Apple is also introducing a $749 new phone, the iPhone XR, which Apple’s worldwide marketing lead Philip Schiller said is intended to bring iPhone X technology to a broader audience.

The aluminum phone comes in six colors: white, black, blue, coral, yellow and red. The iPhone XR has no home button but will vibrate to simulate a button press. It has a 6.1-inch edge-to-edge display. That’s similar in design to the iPhone X but uses a screen technology, LCD, that Apple’s used for its older models and is less expensive to produce.

The XR has a 12 megapixel rear-facing camera and has Apple’s Portrait Mode — unlike the iPhone 8, the cheapest new iPhone Apple announced last year. It is supposed to have 90 minutes more battery life than the iPhone 8 Plus.

The new versions of the phones mean prices drop on older models. The iPhone 7 will now start at $449 and the Phone 8 at $599.

2:15 p.m. The meaning of “s” in Xs

Apple so far hasn’t shown any major new phone features for its iPhone Xs line, with executives mostly focusing on faster processing power, improved speakers and better graphics performance. Apple has traditionally used “s” models to make more subtle and technical improvements. But those phones usually had at least one major model-defining feature to attract potential upgraders — and justify their higher prices.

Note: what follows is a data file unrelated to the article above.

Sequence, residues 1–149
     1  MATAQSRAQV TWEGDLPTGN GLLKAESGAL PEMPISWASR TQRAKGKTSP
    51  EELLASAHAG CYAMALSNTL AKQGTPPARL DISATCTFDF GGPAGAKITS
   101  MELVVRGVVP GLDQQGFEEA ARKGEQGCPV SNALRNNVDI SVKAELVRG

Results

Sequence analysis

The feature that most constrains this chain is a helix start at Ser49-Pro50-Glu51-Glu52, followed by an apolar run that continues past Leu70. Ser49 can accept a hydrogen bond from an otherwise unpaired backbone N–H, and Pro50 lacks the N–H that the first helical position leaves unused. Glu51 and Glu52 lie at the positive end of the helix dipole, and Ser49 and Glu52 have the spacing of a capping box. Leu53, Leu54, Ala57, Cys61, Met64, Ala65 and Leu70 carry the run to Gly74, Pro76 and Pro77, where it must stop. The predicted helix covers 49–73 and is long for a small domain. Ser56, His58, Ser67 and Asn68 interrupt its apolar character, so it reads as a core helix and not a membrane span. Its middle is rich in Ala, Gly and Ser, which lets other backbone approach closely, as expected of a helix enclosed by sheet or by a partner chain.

1:52 p.m. New iPhones

Here come the iPhones. “iPhone X has changed the industry,” Cook told the crowd, before promising another upgrade. He then immediately introduced the iPhone Xs — that’s “ten-ess,’ for those curious about the pronunciation.

The Xs builds on the trends Apple set with last year’s iPhone X, with the same nearly all-screen front and characteristic notch.

The iPhone Xs has a 5.8-inch screen, which is the same size as the iPhone X; the iPhone 8 Plus has a 5.5-inch display. The Xs comes in gold, silver and space gray.